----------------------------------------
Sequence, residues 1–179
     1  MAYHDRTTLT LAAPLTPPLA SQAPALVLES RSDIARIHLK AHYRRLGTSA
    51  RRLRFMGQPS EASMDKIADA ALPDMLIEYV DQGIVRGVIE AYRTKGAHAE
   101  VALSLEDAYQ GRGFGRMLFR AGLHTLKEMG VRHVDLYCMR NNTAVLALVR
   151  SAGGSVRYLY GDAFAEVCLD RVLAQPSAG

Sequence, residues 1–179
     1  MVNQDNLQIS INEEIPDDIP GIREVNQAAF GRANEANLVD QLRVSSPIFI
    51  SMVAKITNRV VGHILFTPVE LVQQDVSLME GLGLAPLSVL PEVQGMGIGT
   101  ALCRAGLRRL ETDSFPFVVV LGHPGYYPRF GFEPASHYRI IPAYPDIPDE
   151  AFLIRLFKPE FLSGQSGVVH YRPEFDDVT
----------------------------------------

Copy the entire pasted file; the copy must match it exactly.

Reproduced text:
Sequence, residues 1–179
     1  MAYHDRTTLT LAAPLTPPLA SQAPALVLES RSDIARIHLK AHYRRLGTSA
    51  RRLRFMGQPS EASMDKIADA ALPDMLIEYV DQGIVRGVIE AYRTKGAHAE
   101  VALSLEDAYQ GRGFGRMLFR AGLHTLKEMG VRHVDLYCMR NNTAVLALVR
   151  SAGGSVRYLY GDAFAEVCLD RVLAQPSAG

Sequence, residues 1–179
     1  MVNQDNLQIS INEEIPDDIP GIREVNQAAF GRANEANLVD QLRVSSPIFI
    51  SMVAKITNRV VGHILFTPVE LVQQDVSLME GLGLAPLSVL PEVQGMGIGT
   101  ALCRAGLRRL ETDSFPFVVV LGHPGYYPRF GFEPASHYRI IPAYPDIPDE
   151  AFLIRLFKPE FLSGQSGVVH YRPEFDDVT